Leaving a legacy of songs
• Welcome to the 23rd year of Island Neighbours, a gathering of items about Island people, activities, interests and events. To share an item, email firstname.lastname@example.org or phone 947-2440.
The Bowen Legion Friday night suppers are a popular community event with an ever-changing menu but on January 25, the dinner will definitely have a Scottish flavour because the gathering will be enjoying a Burns Supper.
• Each year, the January 25 birthday of Robert Burns provides an opportunity to salute the memory and achievements of Scotland’s cultural hero. Burns was born on January 25, 1759. His father was a struggling farmer who was also a well-read man. Burns, proud, restless and full of ambition, toiled on the family farm while also educating himself. By 1784, he was writing memorable poetry, delighting in the lassies and satirizing society and the church whose doctrines he scorned. By the time of his death in 1796, he had written more than 600 poems and 200 songs. After his death, appreciation of his philosophy, poetry and songs began to grow and over the centuries Burns has become a cultural phenomenon. There are Burns scholars who study every aspect of his life. There are Burns societies worldwide who hold suppers on or near the date of his birth. Among the many delights Burns bequeathed to the world are the songs. Many older North Americans grew up singing such Burns songs as Comin’ Through the Rye, Flow Gently Sweet Afton, Green Grow the Rashes O, My Love is Like a Red, Red, Rose and, of course, the well-known Auld Lang Syne. That song, some 300 years old, was preserved by Burns and his friend, George Thomson, an Edinburgh lawyer and musician. Burns said he copied the words down from an old man he heard singing it but the tune was mediocre so Thomson gave it the melody we now know. It was first published in 1796, after Burns had died.
• What do the lyrics mean? The first verse poses a question: ‘Should old friendships be forgotten and never recalled? Should we forget friends and memories of times long past? ‘Then comes the chorus, ‘We’ll take a cup of kindness yet for auld lang syne.’ A cup of kindness signifies a pledge of affection and hospitality. There are several verses, seldom sung, which recall boyhood days when two young lads ran about the hills together, wading in streams and picking wildflowers. But time and distance have kept these comrades apart until now, when, tankard in hand, they sing: “And there’s a han’ my trusty fere, And gie’s a han’ o’ thine! And we’ll tak a right guid-willie waught For auld lang syne!” It helps to know that ‘fere’ is Scots for companion and a ‘guid-willie waught’ is, literally, a potent draft but in context means a toast to the solidarity and loyalty that binds true friends.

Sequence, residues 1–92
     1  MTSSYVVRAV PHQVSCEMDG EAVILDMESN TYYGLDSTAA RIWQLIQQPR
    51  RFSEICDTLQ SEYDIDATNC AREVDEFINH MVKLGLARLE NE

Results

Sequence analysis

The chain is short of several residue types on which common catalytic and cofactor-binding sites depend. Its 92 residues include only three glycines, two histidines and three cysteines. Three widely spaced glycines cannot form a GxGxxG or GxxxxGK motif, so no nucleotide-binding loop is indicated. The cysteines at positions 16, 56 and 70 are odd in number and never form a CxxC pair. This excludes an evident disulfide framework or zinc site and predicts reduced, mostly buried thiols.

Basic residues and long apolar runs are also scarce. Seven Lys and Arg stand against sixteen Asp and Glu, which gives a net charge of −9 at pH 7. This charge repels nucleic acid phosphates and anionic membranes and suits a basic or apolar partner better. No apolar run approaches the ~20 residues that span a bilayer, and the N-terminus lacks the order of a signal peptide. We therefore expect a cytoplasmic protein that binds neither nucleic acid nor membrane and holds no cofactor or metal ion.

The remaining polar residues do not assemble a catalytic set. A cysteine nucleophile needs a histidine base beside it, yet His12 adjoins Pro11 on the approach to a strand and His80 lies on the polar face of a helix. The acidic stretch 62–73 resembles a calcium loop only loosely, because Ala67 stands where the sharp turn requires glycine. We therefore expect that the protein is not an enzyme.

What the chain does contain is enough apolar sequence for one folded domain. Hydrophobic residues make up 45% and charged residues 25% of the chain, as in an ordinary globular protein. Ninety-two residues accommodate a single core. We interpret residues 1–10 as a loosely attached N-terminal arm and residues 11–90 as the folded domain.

• At the end of a Burns supper or other significant Scottish event, it’s traditional for the group to form a grand circle, criss-crossing arms and joining hands as they sing the ancient refrain; Should auld acquaintance be forgot? ‘Auld Lang Syne’ has another history too, very different. During the dance band era, it was adopted as the opening signature of Guy Lombardo and his Royal Canadians Orchestra, which played “the sweetest music this side of heaven”. For forty years, Lombardo’s band began a regular broadcast from New York City with the strains of the old Scottish air causing many Americans to believe that Guy Lombardo had composed the tune himself.
• Ten Years Ago in the Undercurrent of January 24, 2003, the front page photo showed a stately heron perched on a post near the USSC. • The major article described the recent municipal workshop aimed at ways to make council meetings more effective. Trainer Eli Mna stressed the need to educate the public about impending municipal decisions, advising, “Educate before you engage. Create a smart, educated democracy.” He advised council members, “The more of you that participate, it lessens the pressure on the mayor.” • Bowen’s fledgling Community Foundation was to be the 38th B.C. community foundation. Initial seed money to start the island foundation was coming from the Vancouver Foundation, • Bowen’s Toastmasters were pictured next to Loraine Ashdown’s article describing a typical meeting. • Cypress Park Little League was registering youngsters seven and up for the coming season. •A major letter from Jeff, Patricia, Tim, Hanno and Kristen Grohne expressed thanks for their years at Town’s End, which has been the home of Bowen Island Physiotherapy Services for eleven years. The Grohnes also expressed appreciation to Stan and Elizabeth Thompson whose vision and hard work created such a place of stillness and beauty.
• The Undercurrent of January 31, 2003, noted the many islanders featured in off-island media. Neil Boyd had a major piece in the Globe and Mail about gun control, Paul Grescoe highlighted the Grescoe’s The Book of Letters on CBC’s North by Northwest radio program. Martin Clarke was a winner in the Globe and Mail’s weekly Challenge while investment adviser Peter Boronkay’s services were noted in a Globe article titled Financial Facelift. Eagle Cliff’s David Podmore, CEO of Concert Properties and part of the Olympic Bid Committee was to be the speaker at the Chamber’s upcoming AGM. •With February’s Heritage Week just around the corner, islanders were urged to share old-time photos of Snug Cove and its buildings with Bowen’s Museum and Archives and/or Bowen Heritage. •The Little Red Church was celebrating a musical heritage on February 2 by singing old gospel songs like Shall We Gather at the River.
• The Last Word: Planning is being finalized for the 2013 Heritage Week set for February 18 to 24 with the theme of Good Neighbours.